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Citadel of Faith

  • Author:
  • Shoghi Effendi

  • Source:
  • US Bahá’í Publishing Trust, 1980 third printing
  • Pages:
  • 171
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Pages 136-137


Faced with this organized and vicious onslaught on the followers, the fundamental verities, the shrines and administrative institutions of the Faith of Bahá’u’lláh in the land of His birth, the American Bahá’í Community cannot at this hour relax for a moment in the discharge of the multiple and sacred responsibilities it has pledged itself to fulfill under the Ten-Year Plan and must indeed display a still greater degree of consecration and a nobler spirit of self-sacrifice in the pursuit of the goals it has set itself to achieve.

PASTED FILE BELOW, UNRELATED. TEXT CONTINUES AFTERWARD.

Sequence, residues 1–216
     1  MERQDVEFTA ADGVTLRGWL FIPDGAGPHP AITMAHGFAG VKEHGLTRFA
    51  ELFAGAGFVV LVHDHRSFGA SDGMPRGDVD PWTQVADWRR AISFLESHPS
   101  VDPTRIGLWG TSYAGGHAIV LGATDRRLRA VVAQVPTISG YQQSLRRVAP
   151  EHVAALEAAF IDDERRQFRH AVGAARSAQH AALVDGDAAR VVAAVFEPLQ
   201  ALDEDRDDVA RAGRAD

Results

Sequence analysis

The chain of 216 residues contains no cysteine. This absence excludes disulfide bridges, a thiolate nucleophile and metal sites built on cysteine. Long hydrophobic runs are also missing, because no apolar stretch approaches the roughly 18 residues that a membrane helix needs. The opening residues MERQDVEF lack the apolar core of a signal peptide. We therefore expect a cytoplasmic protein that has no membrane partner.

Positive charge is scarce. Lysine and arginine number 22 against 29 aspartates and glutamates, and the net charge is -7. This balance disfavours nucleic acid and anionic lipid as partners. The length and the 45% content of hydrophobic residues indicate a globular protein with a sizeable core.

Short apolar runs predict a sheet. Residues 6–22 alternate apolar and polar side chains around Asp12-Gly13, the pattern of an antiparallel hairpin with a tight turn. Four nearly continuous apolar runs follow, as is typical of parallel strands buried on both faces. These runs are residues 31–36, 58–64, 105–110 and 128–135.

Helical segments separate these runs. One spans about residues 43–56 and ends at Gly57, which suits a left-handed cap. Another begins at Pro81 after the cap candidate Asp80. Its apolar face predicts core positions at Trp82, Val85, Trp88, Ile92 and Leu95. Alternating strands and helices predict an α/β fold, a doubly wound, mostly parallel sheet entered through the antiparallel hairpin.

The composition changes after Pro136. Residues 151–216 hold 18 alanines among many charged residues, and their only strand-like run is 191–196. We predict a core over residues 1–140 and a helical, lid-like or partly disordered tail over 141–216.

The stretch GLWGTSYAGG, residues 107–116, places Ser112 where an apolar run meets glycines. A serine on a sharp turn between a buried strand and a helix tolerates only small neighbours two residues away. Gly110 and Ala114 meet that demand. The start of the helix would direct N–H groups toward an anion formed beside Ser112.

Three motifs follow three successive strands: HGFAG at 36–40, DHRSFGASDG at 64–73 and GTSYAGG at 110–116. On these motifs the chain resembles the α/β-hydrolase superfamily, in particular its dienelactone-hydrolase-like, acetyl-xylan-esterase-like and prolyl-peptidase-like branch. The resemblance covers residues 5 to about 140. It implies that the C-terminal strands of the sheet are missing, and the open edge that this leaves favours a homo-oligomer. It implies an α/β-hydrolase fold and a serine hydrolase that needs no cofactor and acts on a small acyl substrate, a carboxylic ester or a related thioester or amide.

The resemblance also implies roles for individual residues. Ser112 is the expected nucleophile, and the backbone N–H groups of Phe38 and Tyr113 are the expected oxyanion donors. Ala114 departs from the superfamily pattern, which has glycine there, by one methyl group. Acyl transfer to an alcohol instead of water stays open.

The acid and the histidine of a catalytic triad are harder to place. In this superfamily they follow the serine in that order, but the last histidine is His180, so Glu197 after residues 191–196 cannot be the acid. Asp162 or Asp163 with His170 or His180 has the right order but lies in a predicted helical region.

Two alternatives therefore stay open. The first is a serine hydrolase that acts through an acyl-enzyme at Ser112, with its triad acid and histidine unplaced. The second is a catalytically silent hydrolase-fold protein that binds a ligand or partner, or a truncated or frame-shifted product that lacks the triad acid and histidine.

A wider dispersal throughout the length and breadth of its homeland; a more strenuous effort to consolidate the superb achievements in the newly opened virgin territories in various continents and islands of the globe; a still greater exertion to expedite the translation and 137 publication of Bahá’í literature into the European and American Indian languages assigned to it under the Plan; a more determined thrust towards the vital objectives of acquiring the site of the future Mother Temple of Sweden and of purchasing the remaining national Hazíratu’l-Quds in the goal countries of Europe, as well as in Central and South America; a concerted endeavor to establish national Bahá’í endowments in these European and Latin American countries; a ceaseless concentration of attention on the incorporation of firmly established local spiritual assemblies throughout the United States and in the goal countries of Europe, and a closer collaboration with the administrative agencies functioning in Europe, Latin America, Africa, Japan and Alaska for the forthcoming formation of the European, Latin American, Southwest African, Japanese and Alaskan national spiritual assemblies; a more intensive campaign to win over to the Faith representatives of American Indian tribes and of the Basque and Gypsy races—above all, a concerted, wholly dedicated, inflexible resolve to win the allegiance of a far greater number of adherents to the Faith it has espoused and to insure a spectacular multiplication of groups, isolated centers and local assemblies in the vast area assigned to its care—through these, more than through anything else, can the American Bahá’í Community—the recognized champion of the persecuted and the down-trodden, and the standard-bearer of the embryonic World Order of Bahá’u’lláh—offset, to a marked degree, the severe losses the Faith has sustained in the land of its birth, and bring an abiding and much needed consolation to the countless hearts that bleed, in this hour of test and trial, throughout the length and breadth of that bitterly troubled land.